Lincoln’s greatness stood on this: He knew when to set loose and he knew when to bind up. He set free the slaves and then bound up a torn nation. For the emancipation to live, he knew the division must die.

Through the force of his resolve and the sacrifices of his men, he saw, for six short days, a nation reunited.

After his death, Lincoln’s body backtracked by train to Illinois following roughly the same route by which he came to the presidency. The exhumed remains of WillieLincoln, Abraham’s son who died of typhoid fever three years earlier, joined him on the journey. Like those he had led through the valley of death, Lincoln was no stranger to loss.

By day, open casket viewings of Lincoln’s body drew hundreds of thousands. By night, millions of mourners lined the tracks to pay their respects amidst a bonfire’s glow.

Abraham Lincoln died on Good Friday. In his wake arose a nation more free and more resolved that, in his own words, “government of the people, by the people, for the people, shall not perish from the earth.”

Follow Kevin Thompson at http://www.kwt.info.

When Twins Came

It seems like yesterday that we welcomed a double dose of bundled joy into our home. A life-sized print of boy/girl infant twins – asleep, head-to-head, feathered angel wings on their backs – has hung in our hallway ever since. The years have flown like cherubs, but the memories remain.

When I told one gentleman back then that we were having twins, he asked if we had used fertility treatments. It was a reasonable question given the modern prevalence of multiple births. But it was unreasonable given that I had previously told him these twins had three older brothers!

On the day we found out we were having twins, I sensed the shock in my wife’s voice. She had gone to her OB appointment alone. It was, after all, our fourth pregnancy.

“Can you come home over lunch?” she asked on the drive back.

I figured she would tell me we were having son number four – that Daddy wouldn’t be getting his little girl. That was fine, of course, as long as mom and child were healthy.

At this point, she was only nine or ten weeks along, well before genders are generally recognized. But maybe something anatomically undeniable had appeared on the sonogram, I supposed.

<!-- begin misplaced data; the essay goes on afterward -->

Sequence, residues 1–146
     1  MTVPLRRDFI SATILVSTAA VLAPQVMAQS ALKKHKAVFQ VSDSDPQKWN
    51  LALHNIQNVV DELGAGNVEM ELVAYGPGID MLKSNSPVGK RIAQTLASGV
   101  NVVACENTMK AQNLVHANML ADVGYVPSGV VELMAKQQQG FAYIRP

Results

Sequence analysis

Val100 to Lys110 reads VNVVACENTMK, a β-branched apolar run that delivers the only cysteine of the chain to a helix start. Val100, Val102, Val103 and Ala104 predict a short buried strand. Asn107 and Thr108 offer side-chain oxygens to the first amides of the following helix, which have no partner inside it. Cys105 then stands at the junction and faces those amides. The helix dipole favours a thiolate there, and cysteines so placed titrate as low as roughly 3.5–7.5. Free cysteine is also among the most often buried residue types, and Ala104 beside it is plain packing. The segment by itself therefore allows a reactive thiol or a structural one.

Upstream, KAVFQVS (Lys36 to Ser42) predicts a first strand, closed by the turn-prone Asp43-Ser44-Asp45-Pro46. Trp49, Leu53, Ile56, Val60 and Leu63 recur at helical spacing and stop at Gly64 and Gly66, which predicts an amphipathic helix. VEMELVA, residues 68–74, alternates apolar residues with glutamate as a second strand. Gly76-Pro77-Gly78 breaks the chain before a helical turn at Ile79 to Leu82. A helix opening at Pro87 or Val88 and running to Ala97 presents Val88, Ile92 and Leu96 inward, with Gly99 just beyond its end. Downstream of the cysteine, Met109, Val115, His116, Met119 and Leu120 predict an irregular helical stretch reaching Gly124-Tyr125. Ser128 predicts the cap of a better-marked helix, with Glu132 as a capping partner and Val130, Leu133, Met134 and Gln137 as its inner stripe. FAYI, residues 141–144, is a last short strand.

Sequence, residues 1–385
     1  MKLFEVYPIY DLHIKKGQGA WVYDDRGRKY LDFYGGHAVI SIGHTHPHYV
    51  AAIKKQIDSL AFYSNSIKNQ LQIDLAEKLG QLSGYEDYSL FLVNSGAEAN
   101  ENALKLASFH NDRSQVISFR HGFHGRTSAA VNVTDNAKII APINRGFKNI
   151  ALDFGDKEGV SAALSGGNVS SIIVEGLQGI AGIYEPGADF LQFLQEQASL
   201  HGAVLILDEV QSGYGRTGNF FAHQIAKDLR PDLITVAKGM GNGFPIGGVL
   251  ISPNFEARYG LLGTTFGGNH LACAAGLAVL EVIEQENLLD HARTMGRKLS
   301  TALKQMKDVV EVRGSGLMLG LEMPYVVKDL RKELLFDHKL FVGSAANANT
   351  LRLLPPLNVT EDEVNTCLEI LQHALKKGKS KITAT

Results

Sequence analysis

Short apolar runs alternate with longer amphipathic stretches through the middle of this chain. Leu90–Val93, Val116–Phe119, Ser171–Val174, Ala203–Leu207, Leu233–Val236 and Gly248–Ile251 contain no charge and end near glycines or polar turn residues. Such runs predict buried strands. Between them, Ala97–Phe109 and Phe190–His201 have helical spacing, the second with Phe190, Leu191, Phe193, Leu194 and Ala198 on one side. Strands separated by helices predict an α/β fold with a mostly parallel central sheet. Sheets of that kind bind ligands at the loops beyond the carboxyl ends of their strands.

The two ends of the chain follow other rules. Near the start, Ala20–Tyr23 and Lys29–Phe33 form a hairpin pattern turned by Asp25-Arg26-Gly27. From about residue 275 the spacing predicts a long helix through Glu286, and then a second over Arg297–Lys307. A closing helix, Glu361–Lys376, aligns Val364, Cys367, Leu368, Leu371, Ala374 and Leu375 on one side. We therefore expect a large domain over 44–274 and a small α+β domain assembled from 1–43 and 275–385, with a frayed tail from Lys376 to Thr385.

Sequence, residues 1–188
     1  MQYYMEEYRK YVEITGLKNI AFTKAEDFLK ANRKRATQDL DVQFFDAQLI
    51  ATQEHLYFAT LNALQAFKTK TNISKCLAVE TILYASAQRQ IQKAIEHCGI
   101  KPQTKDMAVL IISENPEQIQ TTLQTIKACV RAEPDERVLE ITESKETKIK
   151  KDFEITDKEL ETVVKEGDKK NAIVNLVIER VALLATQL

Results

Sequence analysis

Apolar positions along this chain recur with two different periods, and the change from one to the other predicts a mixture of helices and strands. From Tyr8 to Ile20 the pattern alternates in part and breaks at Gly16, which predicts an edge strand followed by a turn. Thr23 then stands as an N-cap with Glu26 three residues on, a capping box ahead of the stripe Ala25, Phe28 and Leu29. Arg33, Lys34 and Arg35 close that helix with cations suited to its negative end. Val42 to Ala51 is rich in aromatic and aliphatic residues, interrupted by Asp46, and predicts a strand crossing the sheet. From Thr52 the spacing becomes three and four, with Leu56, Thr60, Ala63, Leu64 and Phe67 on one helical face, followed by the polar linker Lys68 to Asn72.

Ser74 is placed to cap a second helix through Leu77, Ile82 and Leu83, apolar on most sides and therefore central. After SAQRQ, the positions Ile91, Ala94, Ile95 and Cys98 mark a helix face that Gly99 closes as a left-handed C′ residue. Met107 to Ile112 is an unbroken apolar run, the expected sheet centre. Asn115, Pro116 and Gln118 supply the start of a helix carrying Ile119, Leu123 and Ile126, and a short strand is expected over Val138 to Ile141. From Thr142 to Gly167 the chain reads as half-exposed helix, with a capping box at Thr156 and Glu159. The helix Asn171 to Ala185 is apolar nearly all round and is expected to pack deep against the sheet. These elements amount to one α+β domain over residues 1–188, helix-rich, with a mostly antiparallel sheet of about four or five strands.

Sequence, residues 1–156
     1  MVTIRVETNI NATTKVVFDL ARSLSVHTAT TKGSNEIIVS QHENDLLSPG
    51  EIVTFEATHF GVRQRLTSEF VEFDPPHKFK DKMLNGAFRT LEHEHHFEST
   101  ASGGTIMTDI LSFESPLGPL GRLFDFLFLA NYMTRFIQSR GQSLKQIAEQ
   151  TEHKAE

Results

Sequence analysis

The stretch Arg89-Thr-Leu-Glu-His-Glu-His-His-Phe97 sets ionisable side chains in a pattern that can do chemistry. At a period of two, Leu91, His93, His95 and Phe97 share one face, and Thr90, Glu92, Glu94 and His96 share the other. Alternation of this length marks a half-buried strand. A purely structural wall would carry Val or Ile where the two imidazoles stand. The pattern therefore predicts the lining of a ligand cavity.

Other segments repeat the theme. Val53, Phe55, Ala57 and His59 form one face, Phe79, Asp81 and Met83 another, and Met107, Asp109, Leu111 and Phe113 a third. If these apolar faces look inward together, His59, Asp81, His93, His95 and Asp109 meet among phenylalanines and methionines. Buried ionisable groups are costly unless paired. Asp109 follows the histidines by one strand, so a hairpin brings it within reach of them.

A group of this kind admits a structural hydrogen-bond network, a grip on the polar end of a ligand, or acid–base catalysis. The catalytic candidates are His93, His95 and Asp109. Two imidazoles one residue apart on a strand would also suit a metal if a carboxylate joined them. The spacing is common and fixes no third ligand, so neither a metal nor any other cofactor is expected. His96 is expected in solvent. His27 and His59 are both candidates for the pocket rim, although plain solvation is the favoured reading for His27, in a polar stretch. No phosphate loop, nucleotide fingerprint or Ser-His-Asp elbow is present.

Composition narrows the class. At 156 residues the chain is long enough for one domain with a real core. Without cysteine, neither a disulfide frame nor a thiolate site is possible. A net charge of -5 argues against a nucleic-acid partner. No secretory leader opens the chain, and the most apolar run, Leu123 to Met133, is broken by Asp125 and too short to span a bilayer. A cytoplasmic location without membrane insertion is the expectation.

When I walked into the house at lunch, all was quiet because all were in bed: our one-year-old, our three-year-old and my wife of eight years. She was not asleep, however. She was probably treasuring in her heart the pleasures of a lifetime with four sons.

As I approached the bedside, I gave her an understanding “I’m here for you / I’m sorry I couldn’t give you a girl” kiss and then picked up the sonogram strip off the floor.

As I ooohhed and aahhhed at the cloudy forms on the film strip, my wife slowly turned it right side up. At that point, the labels came clear. “Twin A” and “Twin B”. Like Abraham and Sarah, all I could do was laugh.

The heart-stopping moment had happened for her a few hours earlier. “Whoa!” The sonogram nurse exclaimed as she abruptly paused her examination. “There’s two in there!”

We should have at least thought it a possibility. My wife’s maternal grandmother has twin sisters. An early sonogram of our first son showed a dissolving sac where a twin had been. “Disappearing Twin Syndrome” we were told.

But after three conventional single male births (did I just call births “conventional”?), we had tunnel vision. That is, until twins thrust double vision upon us. Two cribs, two car seats, two high chairs. Mom feeds of A; Dad’s got B. Dad diapers A; Mom wipes B.

Our six-year-old showed maturity beyond his years when he heard the news. “Oh, man. That’s going to be a lot of work.” His three-year-old brother exhibited youthful vigor: “Let’s have six kids!”

A few months later, we were spring cleaning and preparing for the two arrivals. While boxing used books to take to a reseller, I came across a hard-back that had barely been cracked. The title? “Taking Control of Your Fertility.”

“Oh. There it is,” I thought at the time. Now I think, “How boring!”

Kevin Thompson writes weekly for The Boerne Star in the Texas hill country. Follow him at http://www.kwt.info.